ACG - Agency Consulting Group

The PIPELINE

A national monthly newsletter for agency principals dedicated to agency management topic

Building a Sales Organization

Sales Does Not Diminish Service

A sales organization does not imply a lack of concentration on service. In fact, we have seen no successful sales organizations that weren't obsessive about high levels of service to clients and to prospects. However, the insurance agency industry has become so centered on service that it has all but forgotten how to be professional salespeople. We must remember that service is necessary for us to live up to our commitments to our customers and to retain them. The lights of competition are bright and uncomplimentary. Many of Agency Consulting Group, Inc.'s customers have found that having a good price does not compensate for the promises of your competitors of service levels that you have not been able to reach with your existing customers. So, regardless of how much emphasis we put on the sales effort, we do not mean to diminish the stress of agencies to constantly enhance their service levels.

The Sales Dilemma

For the last fifty years, the industry has sunk into the morass of commodity products that all look alike. The companies, and the agents behind them, have fallen into the mode of being the technicians and "experts" who understand the products and coverages, but not the methods of selling them. Both companies and agents have relied on the "P" word (the word is Price - but I'll not repeat it again) to gain customers. "We can be more competitive" is simply a gentler way of saying, "I can get it for you cheaper!" No wonder we sound like Used Car Salesmen! Our competitors in the industry (direct writers) and from outside the industry (banks, self-insurance funds and other innovators) have found that they can play the "P" game as well, or better, than the agency companies, but they have an edge. They are still creating their niche and are learning from our mistakes. They can become just as knowledgeable as we are about the products, provide equal or better claim service, advertise more effectively than our companies can, and they can teach their salespeople how to SELL.

On the other hand, the insurance agents and companies have been in the sales game for two hundred years. As Sales moved from the category of art to that of science, the insurance industry did not follow. For some period, the carriers provided professional sales training for agents (much like the life insurance industry). But the companies did not see the payoff as the result of these investments, so they stopped much of the sales training when the market changed and cash flow diminished. The agents are far to fragmented to develop organized sales training for the industry, so the decline accelerated. Some large agencies (invariably with sales management) developed in-house and outside sales training for their sales staff. These firms continue to grow and professionalize. A few innovative smaller agents also created sales training programs using outside facilities. These firms now fit the IIAA's definition of "Best Practices" agencies. They continue to grow and prosper regardless of the industry direction because they have the ability to flex to the current situation and sell the products that are available at any time.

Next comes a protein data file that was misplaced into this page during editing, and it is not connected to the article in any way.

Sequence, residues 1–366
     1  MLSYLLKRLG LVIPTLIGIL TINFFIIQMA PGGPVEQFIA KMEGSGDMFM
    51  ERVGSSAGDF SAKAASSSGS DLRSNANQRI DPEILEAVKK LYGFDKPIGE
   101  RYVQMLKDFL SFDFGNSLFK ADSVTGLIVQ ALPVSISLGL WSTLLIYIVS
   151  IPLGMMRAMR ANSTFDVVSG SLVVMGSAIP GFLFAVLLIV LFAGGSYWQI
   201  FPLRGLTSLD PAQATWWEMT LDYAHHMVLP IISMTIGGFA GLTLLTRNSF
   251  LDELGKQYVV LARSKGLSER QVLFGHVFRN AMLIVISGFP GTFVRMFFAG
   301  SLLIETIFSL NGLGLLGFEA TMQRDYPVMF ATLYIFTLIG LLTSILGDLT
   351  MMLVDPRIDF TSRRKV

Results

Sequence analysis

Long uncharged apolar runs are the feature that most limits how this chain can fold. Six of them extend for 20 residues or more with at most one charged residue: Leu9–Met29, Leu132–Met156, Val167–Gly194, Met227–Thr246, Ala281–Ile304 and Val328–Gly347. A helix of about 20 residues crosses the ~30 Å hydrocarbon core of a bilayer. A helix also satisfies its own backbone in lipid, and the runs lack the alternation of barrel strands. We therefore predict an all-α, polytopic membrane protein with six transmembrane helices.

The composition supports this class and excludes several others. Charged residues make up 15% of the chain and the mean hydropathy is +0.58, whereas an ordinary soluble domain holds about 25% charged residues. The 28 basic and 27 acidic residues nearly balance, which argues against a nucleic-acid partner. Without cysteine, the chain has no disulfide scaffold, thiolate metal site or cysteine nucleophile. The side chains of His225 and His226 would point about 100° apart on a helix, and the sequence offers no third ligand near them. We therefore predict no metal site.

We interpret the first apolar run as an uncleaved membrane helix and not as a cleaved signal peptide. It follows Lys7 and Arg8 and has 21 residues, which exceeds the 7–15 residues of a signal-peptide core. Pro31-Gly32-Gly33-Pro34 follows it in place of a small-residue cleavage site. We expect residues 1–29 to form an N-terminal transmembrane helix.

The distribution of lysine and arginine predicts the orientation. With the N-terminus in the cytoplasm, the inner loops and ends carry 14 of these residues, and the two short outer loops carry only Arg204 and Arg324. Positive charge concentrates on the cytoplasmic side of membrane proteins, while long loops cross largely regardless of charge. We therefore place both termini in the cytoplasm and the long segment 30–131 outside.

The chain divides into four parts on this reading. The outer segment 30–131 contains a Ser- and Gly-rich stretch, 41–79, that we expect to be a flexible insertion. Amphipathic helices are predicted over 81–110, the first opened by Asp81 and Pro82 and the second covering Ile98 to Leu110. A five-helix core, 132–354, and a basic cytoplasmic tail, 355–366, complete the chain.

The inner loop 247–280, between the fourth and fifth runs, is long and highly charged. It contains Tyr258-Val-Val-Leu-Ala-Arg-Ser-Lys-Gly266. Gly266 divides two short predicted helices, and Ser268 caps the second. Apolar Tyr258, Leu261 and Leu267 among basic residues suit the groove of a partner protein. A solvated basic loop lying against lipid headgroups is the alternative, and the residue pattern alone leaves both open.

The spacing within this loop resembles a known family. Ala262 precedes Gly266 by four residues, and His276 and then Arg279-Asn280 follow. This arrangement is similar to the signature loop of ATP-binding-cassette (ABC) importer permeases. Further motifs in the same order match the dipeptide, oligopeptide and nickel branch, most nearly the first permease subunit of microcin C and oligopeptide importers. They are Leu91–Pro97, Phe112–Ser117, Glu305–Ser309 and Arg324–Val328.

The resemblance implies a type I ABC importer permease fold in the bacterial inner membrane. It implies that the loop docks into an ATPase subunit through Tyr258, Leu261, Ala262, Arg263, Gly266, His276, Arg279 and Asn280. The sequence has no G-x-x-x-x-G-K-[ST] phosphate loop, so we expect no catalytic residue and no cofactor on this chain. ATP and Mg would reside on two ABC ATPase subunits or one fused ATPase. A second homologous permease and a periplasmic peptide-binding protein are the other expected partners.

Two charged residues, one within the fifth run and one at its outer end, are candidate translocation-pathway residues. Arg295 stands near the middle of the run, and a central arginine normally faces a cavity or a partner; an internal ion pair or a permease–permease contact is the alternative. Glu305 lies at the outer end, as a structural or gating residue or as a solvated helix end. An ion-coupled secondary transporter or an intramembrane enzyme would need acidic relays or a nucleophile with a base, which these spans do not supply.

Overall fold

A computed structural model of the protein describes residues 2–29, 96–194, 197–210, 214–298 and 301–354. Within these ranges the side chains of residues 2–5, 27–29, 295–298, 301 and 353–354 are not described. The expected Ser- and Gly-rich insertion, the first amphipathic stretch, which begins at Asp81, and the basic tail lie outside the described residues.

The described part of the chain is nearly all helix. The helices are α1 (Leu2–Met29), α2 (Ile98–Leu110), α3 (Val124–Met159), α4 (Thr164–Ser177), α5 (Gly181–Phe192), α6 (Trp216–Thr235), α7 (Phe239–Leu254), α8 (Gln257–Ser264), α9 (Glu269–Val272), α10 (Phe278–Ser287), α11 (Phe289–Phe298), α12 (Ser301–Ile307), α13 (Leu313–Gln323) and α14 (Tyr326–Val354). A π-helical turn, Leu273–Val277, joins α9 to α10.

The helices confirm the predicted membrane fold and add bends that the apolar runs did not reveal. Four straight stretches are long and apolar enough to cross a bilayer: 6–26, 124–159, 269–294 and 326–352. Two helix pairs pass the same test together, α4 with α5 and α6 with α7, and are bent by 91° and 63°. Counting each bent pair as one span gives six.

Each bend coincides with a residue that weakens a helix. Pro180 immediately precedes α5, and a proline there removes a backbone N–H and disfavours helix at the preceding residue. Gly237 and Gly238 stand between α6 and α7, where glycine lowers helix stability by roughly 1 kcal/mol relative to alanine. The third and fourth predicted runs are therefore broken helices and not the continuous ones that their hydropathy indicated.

The Producer Trap

Only one in seven people have the personality characteristics to become a successful salesperson. The problem is that most of these 14.3% of the population never get into sales careers. They can be found graduating from colleges and high schools. They can be found in existing sales careers. They can be found in careers totally unrelated to sales. There are even some (but not many) working in the insurance industry - and most of them are in the life insurance industry or with direct writers. If you hire any of the other 86% of the population, you will find that you have either failures or mediocre producers on your hands. They may sell (when they have the lowest price), but have problems responding to objections, managing rejection or in the closing process, itself. You are lucky if you encounter the truly terrible salesperson. Eventually, you will fire him (or he will leave). But the worst case scenario is to hire the "Mediocre". These producers will eke out a living, selling just enough for you to justify keeping them around. They will never be successful and will be personally stressed most of the time. They are a generally unhappy lot, subverting the agency (inadvertently or on purpose) to other employees, companies and clients as a transferal of guilt about their inadequacy in sales. They are more trouble than they are worth, but inertia causes them (and the agency principals) to keep them around long enough that they become a "fixture". At that point, we hear the phrase, "Oh, he doesn't sell much but he supports his book of business and has been here for a long time. He doesn't COST us anything." But of course, the agent is wrong. The mediocre producer, like the failed producer, costs the agency and the owner much in terms of money, aggravation, lost opportunity, time and morale. Compare this, all to common, scenario with that of a Sales Organization.